Jay & Silent Bob's Super Groovy Cartoon Movie and Q and A Colston Hall Bristol
Posted on: 2014-07-03
Jay & Silent Bob took Bristol by storm. The fans didn't let them down and Smith and Mewes certainly didn't disappoint their fans, giving them hours of hilarity, irreverence, banter and audience interaction.
It was evident from the multitudes of emos, goths, tattooed beardies, nerds and slackers gathered outside the Colston Hall that the Jay and Silent Bob fanbase massive had arrived.
Doors opened at 7pm but the show didn't kick off until 8pm, giving the capacity audience plenty of time to grab a beer or two and excitedly shuffle their way into their seats. There was a palpable sense of anticipation and exhilaration, the feeling of a genuine one-off, once-in-a-lifetime event. After all, how often do you get slackerdom's most famous Hollywood superstars round these here parts?
When Kevin Smith and Jason Mewes finally walked on stage the crowd went wild, cheering and clapping their inimitable heroes. Smith – immediately warm, funny and gregarious - said a few brief words and set out the format of the evening before introducing their new cartoon, Jay & Silent Bob's Super Groovy Cartoon Movie.
Smith made it clear that the film was really Mewes' baby, made for $69,000 and based on the Bluntman and Chronic comic book of 2001. It parades the kind of crude, lewd humour synonymous with the duo, though undoubtedly lacking in the kind of wit and cleverness associated with Smith's best work.
The relatively low budget is also reflected in the crude animation, although things perk up with several appearances of Kevin Smith's animated self as he tells amusing asides of the events about to unfold.
No doubt it has its moments and there are a few neat references to other comic book movies and villains, but the humour is often so base it's crass and it's just reduced to a succession of ultimately repetitive and tiresome willy jokes and a crudity that can't sustain its rather indulgent, over-long hour running time.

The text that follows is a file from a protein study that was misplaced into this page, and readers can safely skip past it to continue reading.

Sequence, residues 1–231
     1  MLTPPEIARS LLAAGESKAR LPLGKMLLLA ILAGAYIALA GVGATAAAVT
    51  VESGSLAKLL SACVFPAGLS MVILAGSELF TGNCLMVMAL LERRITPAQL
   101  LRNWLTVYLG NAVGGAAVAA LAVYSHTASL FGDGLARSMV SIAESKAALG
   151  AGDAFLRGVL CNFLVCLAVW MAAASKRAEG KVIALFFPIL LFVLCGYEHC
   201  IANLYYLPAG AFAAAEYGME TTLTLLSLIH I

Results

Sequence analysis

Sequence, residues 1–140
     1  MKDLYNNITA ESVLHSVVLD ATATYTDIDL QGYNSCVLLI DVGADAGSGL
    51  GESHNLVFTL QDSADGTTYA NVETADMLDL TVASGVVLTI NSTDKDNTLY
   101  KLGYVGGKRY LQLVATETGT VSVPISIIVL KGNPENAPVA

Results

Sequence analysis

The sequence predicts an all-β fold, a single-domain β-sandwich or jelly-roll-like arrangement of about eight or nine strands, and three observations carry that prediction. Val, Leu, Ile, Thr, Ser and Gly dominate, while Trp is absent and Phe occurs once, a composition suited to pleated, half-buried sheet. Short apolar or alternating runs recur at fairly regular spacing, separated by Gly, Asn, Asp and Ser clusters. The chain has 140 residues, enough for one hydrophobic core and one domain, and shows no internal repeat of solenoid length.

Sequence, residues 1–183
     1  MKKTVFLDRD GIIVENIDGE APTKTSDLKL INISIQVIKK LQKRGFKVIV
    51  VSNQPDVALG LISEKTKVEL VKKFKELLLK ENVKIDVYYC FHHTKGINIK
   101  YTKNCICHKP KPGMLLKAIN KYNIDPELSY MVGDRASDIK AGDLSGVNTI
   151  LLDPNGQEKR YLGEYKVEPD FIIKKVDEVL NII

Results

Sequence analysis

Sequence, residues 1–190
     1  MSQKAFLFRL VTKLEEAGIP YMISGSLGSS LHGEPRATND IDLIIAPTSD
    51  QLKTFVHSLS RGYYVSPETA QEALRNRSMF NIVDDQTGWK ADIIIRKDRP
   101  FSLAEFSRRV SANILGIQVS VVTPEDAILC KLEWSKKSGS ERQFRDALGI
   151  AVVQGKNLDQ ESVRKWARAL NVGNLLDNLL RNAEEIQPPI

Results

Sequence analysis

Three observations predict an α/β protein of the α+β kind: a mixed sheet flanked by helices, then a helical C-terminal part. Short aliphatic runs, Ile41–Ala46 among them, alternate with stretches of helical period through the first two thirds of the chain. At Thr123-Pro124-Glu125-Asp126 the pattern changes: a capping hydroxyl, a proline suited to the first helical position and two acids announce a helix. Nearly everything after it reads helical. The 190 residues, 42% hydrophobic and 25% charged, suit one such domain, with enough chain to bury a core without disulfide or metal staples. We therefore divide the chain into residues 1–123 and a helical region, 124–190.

It might have satisfied the die-hard Bluntman and Chronic fans, but the half-baked voice work and a re-tread of old jokes didn't offer anything new to tempt the unconverted.
However, it was after the interval that proceedings really kicked into fifth gear, as Smith and Mewes came back on stage and sat at a table with microphones for the audience Q&A.
The gig also marked a significant milestone in Mewes life. He's had a chequered history with drug, alcohol and substance abuse and it marked the fourth anniversary of him being clean and sober. There's obviously a real bond and deep connection between Smith and Mewes and the two friends seemed genuinely moved when the audience broke into spontaneous cheers and applause to give their support for a man who's beaten his demons. It was an unexpectedly poignant moment.
Fans rushed to the middle aisle to line up to ask the duo their questions, ranging from film-making techniques and amusing industry anecdotes. Smith is a true performer, entertainer and raconteur, and he was in his element, heartily sharing tales with dynamically boyish enthusiasm, and leaping from one story tangent to another with breathtaking and effortless verbal dexterity and ease.
Unsurprisingly, the language was colourful and peppered with expletives, and the content of many of stories was so X-rated, often brimming with irresistibly cheeky, irreverent and filthy humour, it would be inappropriate to print them on a family-oriented website.
Smith's loyalty to his friend and his passion for his writing and job were infectiously evident, and he and Mewes clearly loved the audience interaction, heartily accepting their requests to join them on stage to get autographs and hugs and have their photos taken. One fan even got to spend the majority of the set on-stage with them.
Without elaborating in too graphic detail, the final segment had Mewes and audience members on-stage mimicking outrageous acts of coitus based on Mewe's own Brit-themed suggestions (Tea and crumpets, rusty trumpet; My middle wicket, it's just not cricket – you get the idea). It was an off-the-wall, surreal, uproariously crude finale to a fantastic show.
The atmosphere throughout was buzzing and electric and show didn't wrap up until gone 11pm. You also get the feeling that, if he'd had the chance, Smith would have entertained the audience with his seemingly endless tales of mirth and mayhem for another three hours if he could have.
Jay & Silent Bob took Bristol by storm. The fans didn't let them down and Smith and Mewes certainly didn't disappoint their fans, giving them hours of hilarity, irreverence, banter and audience interaction. And the crowd burst into spontaneous cheers when they announced Clerks 3 would be going into production next year.
It was a real event and a cracking evening, by turns hysterical, entertaining, uncouth, outrageous and moving - a real, affecting kinship between the stars and their fans.
Reviewed by Jamie Caddick for 365Bristol
Born and raised in the suburbs of Swansea, Jimmy moved to Bristol back in 2004 to attend university. Passionate about live music, sport, science and nature, he can usually be found walking his cocker spaniel Baxter at any number of green spots around the city. Call James on 078 9999 3534 or email Editor@365Bristol.com.